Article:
- #1

moejoe

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I have been interested in the problem of diamagnetic levitation where you have typically 2 slabs of some pyrolitic graphite (which is diamagnetic) and between it you have some rare Earth magnet that's levitating thanks to those graphites (and 1 more magnet somewhere above).

I have been looking into a research paper that states that the vertical stability of the floating magnet is achieved when:

[tex]K_v = C_z - \frac{1}{2} M B'' > 0[/tex]

where [tex]C_z = \frac{6 M^2 |\chi| \mu_o}{\pi D^5}[/tex]

M: Magnetic Dipole Moment

B'': double derivative of the magnetic field B

X: Magnetic Susceptibility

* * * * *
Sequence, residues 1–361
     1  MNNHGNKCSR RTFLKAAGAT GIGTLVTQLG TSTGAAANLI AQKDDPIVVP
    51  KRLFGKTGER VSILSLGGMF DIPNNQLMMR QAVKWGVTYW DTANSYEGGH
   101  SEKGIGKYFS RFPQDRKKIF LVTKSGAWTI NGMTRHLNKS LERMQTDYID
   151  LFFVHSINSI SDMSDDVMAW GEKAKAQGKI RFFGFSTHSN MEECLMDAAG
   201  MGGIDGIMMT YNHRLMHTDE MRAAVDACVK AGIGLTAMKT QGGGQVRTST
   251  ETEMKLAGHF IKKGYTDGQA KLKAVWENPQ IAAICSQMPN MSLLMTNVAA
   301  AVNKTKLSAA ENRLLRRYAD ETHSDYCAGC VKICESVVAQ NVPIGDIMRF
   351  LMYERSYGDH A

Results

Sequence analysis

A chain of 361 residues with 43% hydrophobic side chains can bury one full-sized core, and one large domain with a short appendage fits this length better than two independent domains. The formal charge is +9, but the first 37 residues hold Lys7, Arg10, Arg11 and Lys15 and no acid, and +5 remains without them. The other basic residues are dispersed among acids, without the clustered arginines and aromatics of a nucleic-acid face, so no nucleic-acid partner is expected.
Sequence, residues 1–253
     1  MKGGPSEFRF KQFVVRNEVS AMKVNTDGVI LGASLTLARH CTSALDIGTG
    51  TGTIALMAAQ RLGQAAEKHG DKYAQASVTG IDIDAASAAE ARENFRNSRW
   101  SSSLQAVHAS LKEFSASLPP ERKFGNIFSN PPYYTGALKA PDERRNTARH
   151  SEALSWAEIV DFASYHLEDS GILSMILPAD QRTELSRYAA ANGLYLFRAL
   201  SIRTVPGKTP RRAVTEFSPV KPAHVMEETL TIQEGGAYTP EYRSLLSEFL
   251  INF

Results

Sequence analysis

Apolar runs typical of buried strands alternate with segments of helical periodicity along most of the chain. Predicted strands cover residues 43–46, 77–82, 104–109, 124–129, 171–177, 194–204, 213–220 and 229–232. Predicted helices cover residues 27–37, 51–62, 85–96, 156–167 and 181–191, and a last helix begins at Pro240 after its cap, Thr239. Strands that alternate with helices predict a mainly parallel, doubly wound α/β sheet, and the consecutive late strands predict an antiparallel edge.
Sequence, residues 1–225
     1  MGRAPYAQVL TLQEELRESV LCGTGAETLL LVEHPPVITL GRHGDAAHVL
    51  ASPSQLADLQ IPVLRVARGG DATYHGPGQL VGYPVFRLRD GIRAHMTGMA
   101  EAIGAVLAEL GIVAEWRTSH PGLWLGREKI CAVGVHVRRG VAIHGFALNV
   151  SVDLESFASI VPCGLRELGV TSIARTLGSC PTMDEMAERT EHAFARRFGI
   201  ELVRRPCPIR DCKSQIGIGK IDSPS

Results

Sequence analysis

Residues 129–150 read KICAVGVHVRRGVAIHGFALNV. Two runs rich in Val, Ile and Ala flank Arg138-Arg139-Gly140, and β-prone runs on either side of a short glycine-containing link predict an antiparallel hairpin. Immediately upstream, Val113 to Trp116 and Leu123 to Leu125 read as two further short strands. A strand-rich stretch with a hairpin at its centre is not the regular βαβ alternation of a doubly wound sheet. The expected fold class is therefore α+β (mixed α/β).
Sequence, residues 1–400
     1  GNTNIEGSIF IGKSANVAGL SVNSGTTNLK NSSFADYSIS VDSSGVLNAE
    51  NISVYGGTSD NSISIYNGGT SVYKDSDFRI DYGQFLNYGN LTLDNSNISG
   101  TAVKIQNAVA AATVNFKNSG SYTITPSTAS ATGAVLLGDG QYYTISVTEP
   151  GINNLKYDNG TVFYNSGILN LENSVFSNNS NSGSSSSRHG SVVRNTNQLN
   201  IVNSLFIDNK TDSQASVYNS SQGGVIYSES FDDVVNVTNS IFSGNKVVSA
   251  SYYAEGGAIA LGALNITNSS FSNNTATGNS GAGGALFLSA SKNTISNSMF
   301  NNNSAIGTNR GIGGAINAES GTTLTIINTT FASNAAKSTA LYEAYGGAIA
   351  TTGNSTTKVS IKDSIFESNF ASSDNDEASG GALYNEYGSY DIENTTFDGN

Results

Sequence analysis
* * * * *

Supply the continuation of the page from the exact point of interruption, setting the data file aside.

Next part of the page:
mu: Permeability of free space

D: gap between the 2 diamagnetic slabs

It's interesting to note that it does not depend on the dimensions of the diamagnetic slabs at all, rather only on the susceptibility of them and the spacing between them.

So I get the impressions that a single particle of this stuff will suffice... which it obviously doesn't. When there's no slab the Cz term is 0, when there's only one of them its divided by 2. Anyone have any knowledge about this?